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Author Topic: Restoration of Haghartsin Monastery  (Read 3565 times) Average Rating: 0
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Salpy
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« on: June 02, 2010, 03:27:14 PM »

Haghartsin is an ancient and famous monastery that had fallen into great disrepair.  Its restoration is nearing completion.  The first video below shows the monastery just a couple of years ago.  You can see in the second video how much work has now been done.

http://www.youtube.com/watch?v=ak0A2m4eurY&feature=related

http://www.youtube.com/user/ArmenianChurch#p/u/8/muI9H2AWbcQ



The following description is from the first video:



Haghartsin is a 13th century monastery located near the town of Dilijan, Armenia. It was built between the 10th and 14th century; much of it under the patronage of the Bagratuni Dynasty.

St. Astvatsatsin Church in Haghardzin (1281) is the largest building and the dominant artistic feature. The sixteen-faced dome is decorated with arches, the bases of whose columns are connected by triangular ledges and spheres, with a band around the drum's bottom. This adds to the optical height of the dome and creates the impression that its drum is weightless. The platband of the southern portal's architrave is framed with rows of trefoils.

The sculptural group of the church's eastern facade differs in composition from the similar bas-reliefs of Sanahin, Haghpat, and Harich. It shows two men in monks' attire who point with their hands at a church model and a picture of a dove with half-spread wings placed between them. The umbrella roofing of the model's dome shows the original look of the dome of Astvatsatsin church. The figures are shown wearing different dresses — the one standing right is dressed more richly than the one standing left. The faces, with their long whiskers, luxuriant combed beards and large almond shaped eyes, are also executed in different manners. These are probably the founders of the church, the Father Superior and his assistant.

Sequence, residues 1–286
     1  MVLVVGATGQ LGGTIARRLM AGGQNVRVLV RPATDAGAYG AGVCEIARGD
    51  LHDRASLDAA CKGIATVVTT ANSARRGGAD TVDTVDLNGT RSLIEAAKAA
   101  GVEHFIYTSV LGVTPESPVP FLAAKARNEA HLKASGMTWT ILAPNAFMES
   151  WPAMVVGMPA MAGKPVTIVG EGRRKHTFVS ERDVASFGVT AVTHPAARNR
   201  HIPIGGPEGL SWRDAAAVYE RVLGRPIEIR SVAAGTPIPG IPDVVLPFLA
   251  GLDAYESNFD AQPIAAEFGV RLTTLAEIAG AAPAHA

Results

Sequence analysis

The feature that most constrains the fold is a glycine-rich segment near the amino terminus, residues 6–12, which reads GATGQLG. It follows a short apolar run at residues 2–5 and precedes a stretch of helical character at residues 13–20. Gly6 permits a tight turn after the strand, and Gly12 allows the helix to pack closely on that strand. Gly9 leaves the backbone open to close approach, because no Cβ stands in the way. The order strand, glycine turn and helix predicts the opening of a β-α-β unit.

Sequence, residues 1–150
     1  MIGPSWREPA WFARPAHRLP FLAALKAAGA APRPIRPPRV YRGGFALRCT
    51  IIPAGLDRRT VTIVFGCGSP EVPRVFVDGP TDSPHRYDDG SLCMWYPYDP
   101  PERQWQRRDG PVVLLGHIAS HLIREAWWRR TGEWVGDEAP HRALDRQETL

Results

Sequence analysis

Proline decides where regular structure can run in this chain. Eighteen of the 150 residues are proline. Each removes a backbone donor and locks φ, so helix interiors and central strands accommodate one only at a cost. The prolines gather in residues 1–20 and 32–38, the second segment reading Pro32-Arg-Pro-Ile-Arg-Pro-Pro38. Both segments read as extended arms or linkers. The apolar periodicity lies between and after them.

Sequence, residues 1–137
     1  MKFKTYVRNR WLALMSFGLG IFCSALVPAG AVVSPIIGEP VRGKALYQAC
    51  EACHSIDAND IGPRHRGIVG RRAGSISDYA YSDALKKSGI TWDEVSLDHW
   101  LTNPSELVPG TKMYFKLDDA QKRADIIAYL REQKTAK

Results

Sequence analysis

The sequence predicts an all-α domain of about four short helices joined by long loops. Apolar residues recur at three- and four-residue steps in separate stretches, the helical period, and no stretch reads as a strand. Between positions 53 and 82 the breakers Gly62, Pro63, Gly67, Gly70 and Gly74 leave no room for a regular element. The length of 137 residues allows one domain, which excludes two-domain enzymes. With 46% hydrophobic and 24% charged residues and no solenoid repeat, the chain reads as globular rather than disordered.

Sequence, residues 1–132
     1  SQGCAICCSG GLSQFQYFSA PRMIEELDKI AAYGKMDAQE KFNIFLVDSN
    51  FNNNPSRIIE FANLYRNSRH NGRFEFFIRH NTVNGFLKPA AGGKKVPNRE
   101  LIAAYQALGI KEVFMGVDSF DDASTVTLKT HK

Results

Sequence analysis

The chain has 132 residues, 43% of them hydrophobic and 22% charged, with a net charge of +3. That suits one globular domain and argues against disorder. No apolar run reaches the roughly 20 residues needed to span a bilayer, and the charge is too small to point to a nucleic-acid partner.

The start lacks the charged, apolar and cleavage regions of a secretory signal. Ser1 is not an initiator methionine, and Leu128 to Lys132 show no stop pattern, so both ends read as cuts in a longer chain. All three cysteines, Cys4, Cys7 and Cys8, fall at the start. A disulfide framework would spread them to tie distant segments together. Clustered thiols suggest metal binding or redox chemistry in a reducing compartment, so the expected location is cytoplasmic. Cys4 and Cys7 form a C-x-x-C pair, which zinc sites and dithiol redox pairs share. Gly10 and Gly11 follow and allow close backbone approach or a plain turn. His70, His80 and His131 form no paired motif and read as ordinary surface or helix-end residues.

St. Astvatsatsin Church Gavit
The gavit of St. Astvatsatsin Church is severely damaged. The ruins show clearly where it stood; however, the walls are almost completely destroyed.

St. Gregory Church
The oldest large structure of the complex, the St. Grigor Church, is accessible through its gavit.

St. Gregory Church Gavit
The twelfth-century gavit abutting St. Grigor Church is of the most common type of plan. It is a square building, with roofing supported by four internal abutments, and with squat octahedral tents above the central sections, somewhat similar to the Armenian peasant home of the "glkhatun" type. The gavit has ornamented corner sections. Decorated with rosettes, these sections contain sculptures of human figures in monks' attires, carrying crosses, staffs, and birds. The framing of the central window of Haghardzin's gavit is cross-shaped. Placed right above the portal of the main entrance, it emphasizes the central part of the facade.

One of the half-columns along the right hand wall towards the back has come forward, showing that it is hollow. According to legend, this was swung open and shut in the past and monastery riches were hidden inside at times of war and invasion.

St. Stepanos Church
The small St. Stepanos Church dates back to 1244.

Bagratuni sepulchre
The Bagratuni sepulchre is where some of the Bagratuni royalty are buried.

Like the Haghpat's refectory, the refectory of Haghardzin, built by the architect Minas in 1248, is divided by pillars into two square-plan parts roofed with intersecting arches.